At MIT, Scolnik says she largely found a supportive environment but did need to band together with other women at times. In one mechanical engineering class, she struggled with a soldering iron, which the male students were using to build robots. "I said that I had never done this before, and all I got was chuckles," she says. "Nobody offered to help, nobody offered to show me how it worked, and I was too embarrassed that I basically just stormed out."
Fortunately for Scolnik, a few of her sorority sisters were in the class. "In a somewhat act of defiance," she says, they joined forces for a class competition and built a robot covered "in glitter, so that when we beat the boys they would be beat by glitter bots." They lost. It turned out, "if we'd known how to solder we would've done a little better," she says.
By spring semester Scolnik had stumbled upon an ad for a class called "Wheelchair Design in Developing Countries." While she had originally planned to be pre-med, she found herself racing to get to the class. "My group was partnered with a small wheelchair workshop in Tanzania," she says. "We would Skype with them and email with them to learn about the problems they were facing, and try to provide whatever sort of help we could with our basic engineering skills."
Scolnik visited Tanzania with her MIT classmates the following year, learning more about the difficulties faced by wheelchair users there. "People needed to go really long distances, to get to work or to school," she says, often on rough terrain. "And they needed something that they could repair and maintain in the long term."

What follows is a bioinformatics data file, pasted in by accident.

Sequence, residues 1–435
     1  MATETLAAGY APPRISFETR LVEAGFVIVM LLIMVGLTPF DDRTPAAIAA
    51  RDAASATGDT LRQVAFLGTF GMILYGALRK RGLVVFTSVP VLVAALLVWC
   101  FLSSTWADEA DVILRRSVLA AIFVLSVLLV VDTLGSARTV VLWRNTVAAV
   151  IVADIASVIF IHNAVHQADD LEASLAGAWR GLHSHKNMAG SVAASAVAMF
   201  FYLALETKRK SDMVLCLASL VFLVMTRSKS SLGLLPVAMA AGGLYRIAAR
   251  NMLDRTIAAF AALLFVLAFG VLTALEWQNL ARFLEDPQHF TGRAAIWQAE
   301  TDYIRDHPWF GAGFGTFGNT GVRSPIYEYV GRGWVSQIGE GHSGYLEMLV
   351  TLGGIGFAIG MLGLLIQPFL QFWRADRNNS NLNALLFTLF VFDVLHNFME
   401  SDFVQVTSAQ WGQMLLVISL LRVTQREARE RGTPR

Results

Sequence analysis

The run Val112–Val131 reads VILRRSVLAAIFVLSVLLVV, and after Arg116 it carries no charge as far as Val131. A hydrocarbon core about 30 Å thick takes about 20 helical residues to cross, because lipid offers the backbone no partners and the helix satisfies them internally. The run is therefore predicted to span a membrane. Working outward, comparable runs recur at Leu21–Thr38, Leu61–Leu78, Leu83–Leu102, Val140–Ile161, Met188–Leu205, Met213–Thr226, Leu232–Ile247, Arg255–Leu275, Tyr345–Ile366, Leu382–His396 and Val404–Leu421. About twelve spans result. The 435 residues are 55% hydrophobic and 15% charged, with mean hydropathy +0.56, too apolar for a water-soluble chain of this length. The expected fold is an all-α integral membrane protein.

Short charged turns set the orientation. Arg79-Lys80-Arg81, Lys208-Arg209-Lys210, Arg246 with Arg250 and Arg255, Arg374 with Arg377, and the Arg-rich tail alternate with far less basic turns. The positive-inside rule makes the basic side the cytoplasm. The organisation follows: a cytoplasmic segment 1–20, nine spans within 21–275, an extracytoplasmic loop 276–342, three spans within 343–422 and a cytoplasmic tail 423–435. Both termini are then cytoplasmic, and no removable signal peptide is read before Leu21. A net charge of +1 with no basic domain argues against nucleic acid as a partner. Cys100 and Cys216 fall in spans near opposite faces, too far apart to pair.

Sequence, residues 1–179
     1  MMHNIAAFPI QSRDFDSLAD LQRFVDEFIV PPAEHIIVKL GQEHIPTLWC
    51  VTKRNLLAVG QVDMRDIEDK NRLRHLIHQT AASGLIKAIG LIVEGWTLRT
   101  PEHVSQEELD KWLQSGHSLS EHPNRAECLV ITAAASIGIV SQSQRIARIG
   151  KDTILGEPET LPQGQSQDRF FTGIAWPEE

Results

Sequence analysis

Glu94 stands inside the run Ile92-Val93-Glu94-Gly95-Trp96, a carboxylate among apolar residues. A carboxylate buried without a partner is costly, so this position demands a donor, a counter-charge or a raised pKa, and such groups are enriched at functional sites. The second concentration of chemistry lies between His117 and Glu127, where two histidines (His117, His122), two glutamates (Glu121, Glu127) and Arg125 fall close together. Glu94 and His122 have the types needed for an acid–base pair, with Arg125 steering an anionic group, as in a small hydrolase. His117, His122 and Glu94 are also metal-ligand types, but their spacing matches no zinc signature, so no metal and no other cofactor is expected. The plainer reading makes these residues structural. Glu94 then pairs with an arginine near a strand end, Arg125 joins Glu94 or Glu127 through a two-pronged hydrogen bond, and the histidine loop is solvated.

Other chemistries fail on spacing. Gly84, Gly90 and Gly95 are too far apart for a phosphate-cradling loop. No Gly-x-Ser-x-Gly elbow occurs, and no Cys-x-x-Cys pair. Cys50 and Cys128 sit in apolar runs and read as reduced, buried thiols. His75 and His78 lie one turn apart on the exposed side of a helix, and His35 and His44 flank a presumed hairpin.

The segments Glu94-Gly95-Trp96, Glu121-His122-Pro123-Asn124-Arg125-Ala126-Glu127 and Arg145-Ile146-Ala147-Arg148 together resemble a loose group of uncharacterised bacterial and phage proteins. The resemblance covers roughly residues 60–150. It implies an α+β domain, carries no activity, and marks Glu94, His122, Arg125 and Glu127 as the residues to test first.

Her team came up with a solution: A wheelchair that uses standard bicycle parts, so it could be repaired easily and locally. The team also re-thought how a person could push the chair. "A regular wheelchair is propelled by grabbing onto the wheels and pushing those forward," she says. "The Freedom Chair uses a lever system. It's easier to push."
She spent the rest of her time at MIT developing the chair, and in 2012, two years after graduation, incorporated GRIT with classmates Bollini and Judge and instructor Amos Winter.
To date, the startup has worked with agencies and NGOs to distribute about 2,000 chairs to 20 developing countries. "While that was happening, we started hearing from wheelchair riders here in the United States, who said…we want something that's rugged and easy to repair, too," Scolnik says. The team designed a recreational version of the chair for the U.S. market, and has shipped more than 200 to U.S. customers. GRIT has also secured two $100,000 grants — including one from MIT's D-Lab Scale-Ups Program — and in 2015 raised a seed round from angel investors.
Scolnik says she's glad she attended MIT and pursued a career in engineering. "There are so many big problems that the world is facing," she says. "Many of them can't be solved by engineering — but many of them can."
She no longer has inhibitions about science, and is working with her mother on a book aimed at getting middle school-aged girls excited about STEM fields, she says. "Now I have no problem letting that nerd flag fly freely."
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This originally appeared on The Story Exchange.